1800 1960 color dating fabric guide c5 3 consolidating an unprofitable subsidiary
Late 16th-present Calamanco – a thin fabric of worsted wool yarn which could come in a number of weaves: plain, satin, damasked, and was even brocaded in floral, striped and checked designs. Calendering – the process of pressing fabric with hot rollers to give it a shiny, Calico – The name comes from Calicut, the European name for the Indian city of Kozhikode.The surface was glazed or calendered (pressed through hot rollers). In modern use it is a simple, cheap equal weft and warp plain weave fabric in white, cream or unbleached cotton (UK, NZ, AU) or a plain tabby-weave cotton fabric with a small, all-over floral print (North America). Caracul lamb – an alternative spelling for karakul: the glossy, tightly curled fleece of the fetal or newborn karakul lamb. Carding – the process of brushing the wool for woolen fabric in two directions before weaving. Chesterfield coat – an overcoat with simple vertical seams, no side-back piece, and a velvet collar, usually in grey with black.Ciré – Cloche – a tight fitting hat which comes low over the forehead and at the nape of the neck. See also buttonhole and boutonniéres Corselet – a garment with waist-emphasising midriff section.Used almost interchangeably with ‘swiss waist’ or ‘swiss belt’ to describe a fitted, shaped belt or sash at the end of the 19th century, and in the 20th century described pointed waistbands or midriffs. See also swiss waist, underbust corset, swiss belt, and waist cincher. Damask: Patterned fabrics with a ground of one weave (usually plain, twill or sateen) and designs in other weaves (particularly satin and twill variants), so that the patterned areas have sheen and reflect light, Damasks are always reversible, with the pattern weaves becoming the ground weaves on the reverse (so on a fabric with a plain ground and satin pattern front, the ground would be satin and the pattern plain on the reverse).Originally menswear, by the early 19th century they were popular for women, particularly as motoring coats.Mid-19th century – present Balmoral petticoat – a coloured petticoat, frequently decorated with stripes and sometimes with a built in hoops or crinoline, that was intended to show at the hem of a drawn-up skirt for walking and sportswear in the 1860s and 1870s.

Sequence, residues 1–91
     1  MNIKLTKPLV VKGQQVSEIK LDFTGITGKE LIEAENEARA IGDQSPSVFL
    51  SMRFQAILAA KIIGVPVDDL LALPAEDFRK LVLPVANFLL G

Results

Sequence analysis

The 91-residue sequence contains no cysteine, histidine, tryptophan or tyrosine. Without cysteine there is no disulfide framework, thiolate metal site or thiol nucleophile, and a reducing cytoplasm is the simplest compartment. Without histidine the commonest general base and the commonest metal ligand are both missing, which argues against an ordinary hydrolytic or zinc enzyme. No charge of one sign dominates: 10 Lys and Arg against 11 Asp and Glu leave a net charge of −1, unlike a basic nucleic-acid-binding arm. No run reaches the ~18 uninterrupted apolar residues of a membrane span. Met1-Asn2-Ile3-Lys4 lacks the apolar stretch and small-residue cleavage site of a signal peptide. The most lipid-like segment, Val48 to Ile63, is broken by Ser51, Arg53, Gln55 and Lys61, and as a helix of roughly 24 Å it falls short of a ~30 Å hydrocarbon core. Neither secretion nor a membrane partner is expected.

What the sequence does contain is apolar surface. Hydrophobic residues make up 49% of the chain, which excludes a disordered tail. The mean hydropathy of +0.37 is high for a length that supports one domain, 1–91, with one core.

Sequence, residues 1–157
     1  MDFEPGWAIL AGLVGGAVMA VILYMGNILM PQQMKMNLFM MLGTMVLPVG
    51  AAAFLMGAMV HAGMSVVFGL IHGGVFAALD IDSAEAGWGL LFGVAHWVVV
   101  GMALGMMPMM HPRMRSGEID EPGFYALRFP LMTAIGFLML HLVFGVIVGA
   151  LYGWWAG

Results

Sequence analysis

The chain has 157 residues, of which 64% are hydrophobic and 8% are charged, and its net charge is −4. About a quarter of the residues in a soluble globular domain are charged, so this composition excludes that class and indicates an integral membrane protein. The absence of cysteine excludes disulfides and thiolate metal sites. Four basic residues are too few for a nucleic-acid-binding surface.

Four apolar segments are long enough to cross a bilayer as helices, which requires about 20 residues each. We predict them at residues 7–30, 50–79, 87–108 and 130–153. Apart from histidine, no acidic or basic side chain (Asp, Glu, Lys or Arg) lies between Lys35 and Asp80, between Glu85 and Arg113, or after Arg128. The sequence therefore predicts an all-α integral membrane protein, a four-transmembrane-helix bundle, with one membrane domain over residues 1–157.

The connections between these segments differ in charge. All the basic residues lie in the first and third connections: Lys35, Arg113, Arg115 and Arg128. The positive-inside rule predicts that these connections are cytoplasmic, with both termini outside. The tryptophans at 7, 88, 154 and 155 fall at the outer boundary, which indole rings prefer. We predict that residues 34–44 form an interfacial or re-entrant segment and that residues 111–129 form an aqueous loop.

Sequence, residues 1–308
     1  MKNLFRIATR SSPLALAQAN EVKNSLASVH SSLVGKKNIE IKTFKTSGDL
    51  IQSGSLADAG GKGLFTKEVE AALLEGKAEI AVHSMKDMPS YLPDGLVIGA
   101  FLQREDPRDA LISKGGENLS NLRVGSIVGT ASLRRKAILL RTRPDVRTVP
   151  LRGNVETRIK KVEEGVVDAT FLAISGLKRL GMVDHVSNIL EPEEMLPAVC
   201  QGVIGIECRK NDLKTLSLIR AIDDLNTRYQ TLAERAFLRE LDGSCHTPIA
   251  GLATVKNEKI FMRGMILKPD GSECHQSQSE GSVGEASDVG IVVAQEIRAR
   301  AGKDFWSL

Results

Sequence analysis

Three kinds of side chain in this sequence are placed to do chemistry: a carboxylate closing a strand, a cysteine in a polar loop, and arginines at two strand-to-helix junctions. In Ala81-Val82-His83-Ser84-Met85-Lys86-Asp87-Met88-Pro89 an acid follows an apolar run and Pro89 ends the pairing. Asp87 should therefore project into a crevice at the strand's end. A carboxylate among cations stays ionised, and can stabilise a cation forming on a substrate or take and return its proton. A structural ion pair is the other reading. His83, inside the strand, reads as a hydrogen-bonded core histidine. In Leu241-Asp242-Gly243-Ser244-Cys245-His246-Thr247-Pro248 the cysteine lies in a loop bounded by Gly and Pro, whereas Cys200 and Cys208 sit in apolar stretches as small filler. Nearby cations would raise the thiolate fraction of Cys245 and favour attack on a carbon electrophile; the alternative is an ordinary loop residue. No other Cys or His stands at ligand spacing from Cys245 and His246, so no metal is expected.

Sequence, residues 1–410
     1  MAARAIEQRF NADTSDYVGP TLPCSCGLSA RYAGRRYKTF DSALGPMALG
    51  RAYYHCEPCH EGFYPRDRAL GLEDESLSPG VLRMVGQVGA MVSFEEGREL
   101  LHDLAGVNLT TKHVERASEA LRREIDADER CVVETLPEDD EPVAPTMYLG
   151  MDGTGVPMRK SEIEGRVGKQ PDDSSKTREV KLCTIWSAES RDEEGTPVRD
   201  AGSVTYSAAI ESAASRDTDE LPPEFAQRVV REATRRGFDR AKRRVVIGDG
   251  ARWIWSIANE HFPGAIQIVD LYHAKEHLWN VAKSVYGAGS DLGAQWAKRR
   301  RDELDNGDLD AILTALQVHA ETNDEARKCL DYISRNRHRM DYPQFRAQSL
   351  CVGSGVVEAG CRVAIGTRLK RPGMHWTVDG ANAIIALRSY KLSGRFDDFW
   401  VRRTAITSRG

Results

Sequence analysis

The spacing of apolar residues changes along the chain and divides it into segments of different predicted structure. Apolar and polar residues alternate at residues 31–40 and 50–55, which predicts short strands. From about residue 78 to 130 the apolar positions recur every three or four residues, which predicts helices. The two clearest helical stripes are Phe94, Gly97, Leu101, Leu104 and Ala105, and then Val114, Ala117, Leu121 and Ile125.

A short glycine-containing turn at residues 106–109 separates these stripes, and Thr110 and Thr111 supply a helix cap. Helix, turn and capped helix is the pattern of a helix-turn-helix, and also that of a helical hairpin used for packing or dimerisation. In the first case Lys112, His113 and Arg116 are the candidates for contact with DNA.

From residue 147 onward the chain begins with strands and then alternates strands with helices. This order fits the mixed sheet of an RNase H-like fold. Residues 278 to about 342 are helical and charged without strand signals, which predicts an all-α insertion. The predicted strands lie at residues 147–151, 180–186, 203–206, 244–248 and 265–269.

Chinchillas are now endangered, and hunting them is illegal. Colonial shoe – an 18th century inspired heeled shoe with a tongued vamp and an ornamental metal buckle on the front of the shoe. 1860s-1930s Corsage – The bodice of a garment, usually, but not exclusively, tight fitting, and usually, but not exclusively, applied to women’s bodices.
Introduced to European fashion in the 17th century, and particularly popular from 1860-1910. Chine & Chiné a la branche – fabric woven from yarns which have been pre-printed with the intended pattern, producing a characteristic soft, blurred pattern once the yarns are woven into a cloth. Chintz – The name comes from the Hindi “chint or “chitta” meaning “spotted”, referring to the speckled backgrounds on 17th and 18th century Indian equal weft and warp plain tabby weave cotton fabric block-printed in multicoloured floral designs. The modern term corsage for a small cluster of flowers is taken from this, as a shortening of ‘corsage bouquet’ (a bouquet to be worn on a corsage).
Chiné a la branche is the 18th century term, and almost exclusively referred to a silk fabric. The term now usually refers to floral designs, rather than to the fabric itself. Cloque – a fabric similar to matelasse, in aesthetic, in that it imitate quilting, looking like a fine brocade with three dimensional padded areas, but with a slightly different weave. See also Marseille’s cloth, pique de Marseilles, woven quilting and marcella. 1800s-1940s, with corsage being used equally for bodice and flowers from the 1890s onward.
Early 18th century – 1940s Bodice – Originally a boned, stiffed garment for the upper body, without sleeves (1530 -1700), then a boned, stiffened garment for the upper body with sleeves (to differentiate it from stays) (1660-1810), finally either the upper part of a dress, or a separate bodice worn with a matching skirt to give the effect of a continuous dress (1820-1900). Bodkin, also known as a lacing or threading needle (and occasionally a ballpoint needle), is a large needle with a very large eye, and a very blunt end, used for lacing corsets, threading ribbon through lace beading, and cord through casings.
Used from at least the 14th century to the present.
the glossy, tightly curled fleece of the fetal or newborn karakul lamb.